When “private” is a bad word, you just might be reading a state-owned CBC story.

The story itself is sad, unfortunate, and speaks to all sorts of downfalls within our society, but without getting too grandiose about it, it’s really just another case of dumb people meeting possibly evil company run by awful people who take advantage of dumb people.

But when it’s the state-owned CBC telling the story, my conspiracy theory hat flies onto my noggin like a fly to cowpoo (self-flagellating enough for ya?). This is especially valid given the other article I wrote simultaneously to this about a Facebook racket that’s been uncovered wherein earnest-enough-sounding headlines are actually a Trojan Horse or part of a now-documented left-wing political propaganda campaign. Read that too! But here’s the CBC headline:

“Be careful what you sign:
Ontario man fighting for home after private mortgage gone wrong”

What is the point of writing “private mortgage?” Is there any other kind of mortgage or mortgage company or lender in Canada? Does the government have a state-owned retail mortgage provider or lender that I don’t know about? They could have just written, “Be careful what you sign: Ontario man fighting for home after mortgage gone wrong.” But they had to add “private.” Does the CBC wish there were a state-owned option?

To be fair, their fear of “private” comes from an honest place. The state-owned CBC is in fact socialism-reliant and requires this acceptance — this buy-in — from the public for its very being. For its very survival. That’s just an objective fact. Clearly, they have a vested interest in the population being warm to state-owned, state-run anything or everything. The more the better. And for the public to sour on private companies of any kind.

Also, I have absolutely no doubt that Jagmeet Singh and the NDP are going to start demanding that the Trudeau Liberals establish a new state-owned, state-run mortgage provider, just as they’ve bandied about the idea of starting a state-owned bank to replace all those awful “private” banks. It’d be just like the CBC but instead of “news” and “entertainment” (those are massive air quotes), it would be mortgages for the masses.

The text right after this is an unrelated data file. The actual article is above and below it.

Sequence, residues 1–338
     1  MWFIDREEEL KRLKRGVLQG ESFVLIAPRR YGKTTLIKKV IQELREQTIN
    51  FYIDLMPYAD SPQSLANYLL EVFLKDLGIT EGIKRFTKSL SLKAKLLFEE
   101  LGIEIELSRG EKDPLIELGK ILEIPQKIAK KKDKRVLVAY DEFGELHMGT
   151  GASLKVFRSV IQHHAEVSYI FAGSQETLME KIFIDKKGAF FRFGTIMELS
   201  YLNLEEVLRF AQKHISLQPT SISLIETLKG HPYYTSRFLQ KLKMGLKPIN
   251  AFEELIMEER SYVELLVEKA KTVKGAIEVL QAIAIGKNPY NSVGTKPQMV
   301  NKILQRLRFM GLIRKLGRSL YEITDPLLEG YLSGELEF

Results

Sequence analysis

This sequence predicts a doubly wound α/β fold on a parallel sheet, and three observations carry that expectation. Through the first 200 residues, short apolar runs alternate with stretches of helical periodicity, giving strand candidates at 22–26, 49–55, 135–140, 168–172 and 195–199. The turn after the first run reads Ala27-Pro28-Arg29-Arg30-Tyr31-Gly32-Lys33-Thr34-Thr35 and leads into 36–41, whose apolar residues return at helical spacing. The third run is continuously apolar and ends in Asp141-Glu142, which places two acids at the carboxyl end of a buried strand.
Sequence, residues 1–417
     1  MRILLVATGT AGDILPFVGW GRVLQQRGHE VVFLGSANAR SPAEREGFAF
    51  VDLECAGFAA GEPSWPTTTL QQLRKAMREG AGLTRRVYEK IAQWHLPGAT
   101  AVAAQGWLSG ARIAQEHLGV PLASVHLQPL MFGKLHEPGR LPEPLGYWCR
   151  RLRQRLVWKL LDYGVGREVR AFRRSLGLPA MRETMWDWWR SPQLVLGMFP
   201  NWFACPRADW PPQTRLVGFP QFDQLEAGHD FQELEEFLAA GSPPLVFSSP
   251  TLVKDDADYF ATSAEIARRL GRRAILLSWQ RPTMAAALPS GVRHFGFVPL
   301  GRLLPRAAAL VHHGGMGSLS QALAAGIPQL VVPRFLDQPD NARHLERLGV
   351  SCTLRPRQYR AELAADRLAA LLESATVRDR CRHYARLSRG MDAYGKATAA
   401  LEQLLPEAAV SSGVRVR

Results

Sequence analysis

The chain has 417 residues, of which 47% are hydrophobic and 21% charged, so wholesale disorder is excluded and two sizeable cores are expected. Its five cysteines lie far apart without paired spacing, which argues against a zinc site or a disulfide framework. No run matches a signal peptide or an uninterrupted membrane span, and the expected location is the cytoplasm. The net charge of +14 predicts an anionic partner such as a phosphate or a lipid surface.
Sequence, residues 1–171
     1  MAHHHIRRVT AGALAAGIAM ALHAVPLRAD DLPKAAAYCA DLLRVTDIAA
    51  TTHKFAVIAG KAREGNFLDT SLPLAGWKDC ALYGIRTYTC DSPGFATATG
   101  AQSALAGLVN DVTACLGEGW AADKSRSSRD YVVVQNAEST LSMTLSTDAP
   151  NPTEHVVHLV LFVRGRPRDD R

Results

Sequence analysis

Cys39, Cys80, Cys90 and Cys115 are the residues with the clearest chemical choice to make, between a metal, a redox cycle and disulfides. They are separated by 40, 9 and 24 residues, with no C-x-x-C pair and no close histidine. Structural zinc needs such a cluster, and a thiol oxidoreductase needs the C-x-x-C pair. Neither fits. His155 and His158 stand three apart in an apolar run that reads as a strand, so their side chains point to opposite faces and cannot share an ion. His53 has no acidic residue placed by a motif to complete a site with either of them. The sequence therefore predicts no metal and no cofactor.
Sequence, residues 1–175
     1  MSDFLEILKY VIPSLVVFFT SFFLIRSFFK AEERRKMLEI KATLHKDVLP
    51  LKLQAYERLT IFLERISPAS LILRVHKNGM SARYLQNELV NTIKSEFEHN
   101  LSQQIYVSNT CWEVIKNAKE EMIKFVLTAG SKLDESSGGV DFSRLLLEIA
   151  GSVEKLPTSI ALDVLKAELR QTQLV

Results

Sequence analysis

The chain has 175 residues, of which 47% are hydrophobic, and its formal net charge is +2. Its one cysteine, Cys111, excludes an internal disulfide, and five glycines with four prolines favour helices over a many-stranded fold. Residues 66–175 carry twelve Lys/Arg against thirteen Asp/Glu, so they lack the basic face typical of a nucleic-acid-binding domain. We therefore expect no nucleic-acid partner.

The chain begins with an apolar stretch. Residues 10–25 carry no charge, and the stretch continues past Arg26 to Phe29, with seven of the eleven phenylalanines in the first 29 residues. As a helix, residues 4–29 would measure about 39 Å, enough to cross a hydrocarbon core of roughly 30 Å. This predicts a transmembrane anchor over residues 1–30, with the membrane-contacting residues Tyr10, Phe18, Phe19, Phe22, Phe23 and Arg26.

And coinkidinkily, that’s where the state-owned CBC division comes in. Their job is to soften people up by writing “news” articles about sad tales of woe resulting from dealings with private financial companies across Canada, making the case for a yummy new state-owned mortgage bank more palatable.

So to answer my own question, “private mortgage” is used to scare you with regard to the word “private.” All banks and credit unions and other mortgage lenders are “private,” whether they are owned by shareholders or credit union members. “Private” here must therefore mean “not state-owned” since there is no other kind.

The freelance graphic designer had a low credit score, bills to pay and a collections agency was after him. Tax returns show his annual income at the time was slightly more than $7,000, excluding savings.

He borrowed $195,000 cash against his and his mother’s house.

I’m certainly not here to defend the lender. They in fact sound like evil bastards to me, and I’m glad the borrower has some pro-bono lawyers working for him now. The sad story speaks to a woeful lack of basic financial and consumer and life skills education being taught in those marvelous public, state-owned schools, which increasingly only teach good things with no agenda, on account of the fact they’re state-owned and all.

Joel Johannesen
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